Yes, the book’s main idea is more relevant now. But there’s something satisfying about putting an end to an outbreak… even if it’s just in this world of coins and cards on the table.

12. Jaipur

Jaipur should be in everyone’s collection because it is different, easy to read, and very interesting. In fact, we’d say it’s one of the best card games ever made.

We first heard about it years ago from a barista at a board game shop. Since then, we’ve been telling everyone who will listen about it.

Your goal is to be the best businessperson in all of India so that the maharaja will call you to his court. You play as one of two traders in the city of Jaipur. But how you do that is up to you, and you have a lot of room to try different things.

Is it better to quickly buy and sell cheap things?

Or should you buy expensive things to make more money? There is no one “right” way to do things, and this makes the game stand out.

It also gives both players a fun game of tug-of-war. As more goods are sold, their value goes down, so if you don’t cash in your cards quickly, your opponent could beat you to the punch.

This tricky balancing act will make you want to play “just one more time” over and over again.

11. Monopoly

On the Hasbro website, it says that Monopoly is the most popular family game in the world.

Even though the original Monopoly game is still popular, there are now so many different versions that it’s hard to keep track of them all.

There are versions based on Star Wars, Empire, Disney princesses, and even Minions. There are electronic and portable forms, as well as apps for all kinds of devices.

10. Guess Who ?

This two-player game started over 40 years ago, it has now been updated with character art that fits the 21st century: The original version had only five female characters (out of 24) and no non-white characters at all.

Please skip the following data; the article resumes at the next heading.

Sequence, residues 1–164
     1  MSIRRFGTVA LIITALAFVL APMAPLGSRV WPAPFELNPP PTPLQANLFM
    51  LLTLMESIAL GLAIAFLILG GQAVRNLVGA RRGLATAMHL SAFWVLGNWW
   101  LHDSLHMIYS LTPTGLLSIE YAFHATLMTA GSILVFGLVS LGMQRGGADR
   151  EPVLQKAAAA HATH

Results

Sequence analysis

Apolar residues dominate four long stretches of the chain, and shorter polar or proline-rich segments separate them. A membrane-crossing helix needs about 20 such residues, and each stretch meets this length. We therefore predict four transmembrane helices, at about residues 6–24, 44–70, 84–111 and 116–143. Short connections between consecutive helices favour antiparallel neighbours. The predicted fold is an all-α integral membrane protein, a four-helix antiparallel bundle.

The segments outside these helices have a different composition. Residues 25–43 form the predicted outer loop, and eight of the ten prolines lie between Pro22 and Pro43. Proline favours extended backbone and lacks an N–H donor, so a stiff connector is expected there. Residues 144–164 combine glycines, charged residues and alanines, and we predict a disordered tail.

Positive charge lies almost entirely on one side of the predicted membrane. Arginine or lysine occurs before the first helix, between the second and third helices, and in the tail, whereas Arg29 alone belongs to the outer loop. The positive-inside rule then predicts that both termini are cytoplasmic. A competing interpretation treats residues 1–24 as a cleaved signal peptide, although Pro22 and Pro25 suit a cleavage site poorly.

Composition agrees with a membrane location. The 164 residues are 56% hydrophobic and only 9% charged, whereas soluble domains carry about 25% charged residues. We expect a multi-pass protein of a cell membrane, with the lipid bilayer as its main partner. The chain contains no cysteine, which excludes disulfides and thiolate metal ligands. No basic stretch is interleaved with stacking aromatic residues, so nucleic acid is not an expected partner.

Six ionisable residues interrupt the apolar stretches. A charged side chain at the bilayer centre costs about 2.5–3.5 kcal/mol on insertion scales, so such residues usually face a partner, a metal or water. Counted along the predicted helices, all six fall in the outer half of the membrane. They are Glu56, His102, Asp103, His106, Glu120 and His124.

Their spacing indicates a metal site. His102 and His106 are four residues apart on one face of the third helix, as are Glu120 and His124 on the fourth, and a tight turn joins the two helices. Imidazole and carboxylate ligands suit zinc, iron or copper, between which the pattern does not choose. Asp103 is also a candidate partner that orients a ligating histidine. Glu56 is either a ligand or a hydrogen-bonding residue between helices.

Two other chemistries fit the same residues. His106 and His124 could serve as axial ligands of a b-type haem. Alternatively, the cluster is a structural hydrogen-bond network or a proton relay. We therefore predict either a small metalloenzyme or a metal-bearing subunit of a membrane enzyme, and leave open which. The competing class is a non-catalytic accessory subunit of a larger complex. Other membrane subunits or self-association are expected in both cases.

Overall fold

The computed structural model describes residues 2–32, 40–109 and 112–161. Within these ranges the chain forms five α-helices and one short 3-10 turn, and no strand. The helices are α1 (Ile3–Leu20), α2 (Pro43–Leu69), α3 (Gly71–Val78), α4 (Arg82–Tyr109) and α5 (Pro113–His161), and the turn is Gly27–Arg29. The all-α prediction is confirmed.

This version has 11 female characters and 14 characters of color.

Kids love flipping the characters and asking inventive questions to try to guess each other’s mystery character. It’s a classic for a reason.

9. Gloomhaven: Jaws of the Lion

Gloomhaven: Jaws of the Lion should be on your mind if you like fantasy and can’t get enough of looking at old maps while dreaming of adventures.

This dungeon-crawling epic takes all of that into account with branching plots that are more common in the best tabletop RPGs. It also has a setting that is similar to The Witcher, so it checks all the right boxes.

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More importantly, it gives you more power by using “Legacy” features, which are things that stay the same from one game to the next, like how your character grows.

Depending on what you do, you’ll unlock new tasks and characters. Be careful, though, because what you do can and will have effects on the game.

Combat is based on skill, and there are no coins to be seen, so you feel like you have a say in the game. But it’s easier to understand than in the original (which was much more expensive).

Jaws of the Lion is the first game in the series, so it’s a great place to start if you want to play other games in the series or just want to try out one of the best RPG board games.

8. Cosmic Encounter

Cosmic Encounter came out for the first time in 1977. Since then, it has been reprinted many times, but all of the versions are great. Few old board games have held up as well as this one has over the years.

Each player controls an alien race, and the goal is to set up colonies on worlds that other players already own.

hey can do this by force (playing a higher number of cards from their hand) or by talking, but it’s not as easy as it sounds.

First of all, each “encounter” gives players the chance to make agreements that can help them win.

Also, each species has a unique ability that breaks the rules in a unique way. Some examples are winning by losing or switching the numbers on attack cards so that 17 becomes 71.

Since the base set comes with 51 aliens, there’s usually always something new to see.

Cosmic Encounter creaks under the weight of extra packs, just like many of the best board games. There are more than six add-ons you can use to change things up, so you’ll have plenty to do here.

7. Root

Root is a great example of how first impressions can be wrong. Even though the graphics are nice, this is about as hard as strategy games get.

Even though the story takes place in a peaceful forest, not everything is fine down there. The animals who live there want to beat each other up, so you’ll have to come up with plans that will put your side on top.